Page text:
By Dimitris Konstantakopoulos
First of two articles
In a previous article we have rried to explain the rise of the extreme right in Europe, in its various forms, as a result of the deep crisis of world (western) Capitalism. The same is true of the rise of the radical left, where and when we witness it. It is simply impossible to understand what is going on now in the world if we don’t take into consideration the crisis the globally dominant Western capitalism has been facing since 2008. The depth of this crisis is comparable to the depth of the two biggest crises in the history of capitalism, those of 1873 and 1929.
Those two crises have produced in the past the drive to imperialism, as a way out of the crisis (analysed in a magnificent way by Hobson and Lenin in their classic works on imperialism). They produced also WWI and II, the Russian and the Chinese revolutions, and the rise of Nazism in Germany.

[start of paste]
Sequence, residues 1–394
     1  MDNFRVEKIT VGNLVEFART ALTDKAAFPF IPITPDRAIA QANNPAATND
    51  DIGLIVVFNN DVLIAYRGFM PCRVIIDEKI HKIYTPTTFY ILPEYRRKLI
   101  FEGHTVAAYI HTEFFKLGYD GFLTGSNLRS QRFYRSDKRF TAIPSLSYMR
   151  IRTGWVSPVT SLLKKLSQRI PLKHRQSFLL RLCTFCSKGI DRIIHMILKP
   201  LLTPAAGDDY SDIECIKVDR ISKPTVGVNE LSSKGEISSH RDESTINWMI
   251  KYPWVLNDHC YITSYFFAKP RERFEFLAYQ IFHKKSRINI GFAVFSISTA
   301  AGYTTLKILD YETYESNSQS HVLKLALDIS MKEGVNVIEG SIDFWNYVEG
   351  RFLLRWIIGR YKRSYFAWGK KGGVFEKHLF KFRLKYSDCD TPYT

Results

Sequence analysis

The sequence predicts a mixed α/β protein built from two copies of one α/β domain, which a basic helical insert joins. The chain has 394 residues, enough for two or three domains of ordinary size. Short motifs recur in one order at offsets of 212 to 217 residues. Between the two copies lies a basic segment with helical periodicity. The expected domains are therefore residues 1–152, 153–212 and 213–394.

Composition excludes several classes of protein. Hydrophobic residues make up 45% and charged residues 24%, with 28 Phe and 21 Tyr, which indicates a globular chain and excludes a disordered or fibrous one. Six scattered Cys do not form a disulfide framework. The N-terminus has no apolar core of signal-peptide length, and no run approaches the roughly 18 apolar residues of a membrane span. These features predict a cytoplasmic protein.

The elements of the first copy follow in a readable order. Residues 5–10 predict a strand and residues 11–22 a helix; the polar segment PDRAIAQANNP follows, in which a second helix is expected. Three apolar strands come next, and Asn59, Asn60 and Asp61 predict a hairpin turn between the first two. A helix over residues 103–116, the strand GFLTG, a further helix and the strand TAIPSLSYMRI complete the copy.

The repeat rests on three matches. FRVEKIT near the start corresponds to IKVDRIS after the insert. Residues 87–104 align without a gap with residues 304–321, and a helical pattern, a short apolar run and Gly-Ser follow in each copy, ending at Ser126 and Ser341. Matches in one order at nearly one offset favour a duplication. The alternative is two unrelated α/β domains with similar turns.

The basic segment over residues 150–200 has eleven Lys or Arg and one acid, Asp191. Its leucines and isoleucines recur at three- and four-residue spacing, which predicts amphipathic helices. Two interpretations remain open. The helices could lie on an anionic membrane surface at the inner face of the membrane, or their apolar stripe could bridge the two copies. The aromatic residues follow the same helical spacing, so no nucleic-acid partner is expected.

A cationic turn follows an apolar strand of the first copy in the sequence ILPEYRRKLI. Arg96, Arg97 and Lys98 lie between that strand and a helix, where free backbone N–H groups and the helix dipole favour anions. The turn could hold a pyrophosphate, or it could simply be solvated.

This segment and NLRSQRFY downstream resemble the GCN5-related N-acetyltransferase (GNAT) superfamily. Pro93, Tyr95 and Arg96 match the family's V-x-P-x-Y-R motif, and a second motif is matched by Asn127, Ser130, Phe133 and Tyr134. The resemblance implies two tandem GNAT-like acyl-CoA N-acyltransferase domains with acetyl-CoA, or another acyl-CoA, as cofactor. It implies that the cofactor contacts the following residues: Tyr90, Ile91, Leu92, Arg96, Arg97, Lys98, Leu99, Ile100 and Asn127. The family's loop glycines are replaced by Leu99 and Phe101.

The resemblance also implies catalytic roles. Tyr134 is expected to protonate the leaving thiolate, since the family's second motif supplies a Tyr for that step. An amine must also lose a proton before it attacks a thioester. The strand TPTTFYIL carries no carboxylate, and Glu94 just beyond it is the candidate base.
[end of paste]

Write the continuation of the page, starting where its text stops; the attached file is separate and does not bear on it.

Social interests and psychological factors constitute a great barrier in acknowledging the depth and the potential consequences of the crisis our world is facing. An equally important obstacle is the very serious intellectual (and moral) decline we are living in, reminiscent in a way of the descent of the ancient world into the Dark Ages. In particular, political and social critical thought has declined dramatically since the ‘80s of the last century, especially in the context of the “end of history” period opened with the triumph of capitalism on the ruins of the USSR and its bureaucratic “socialism”.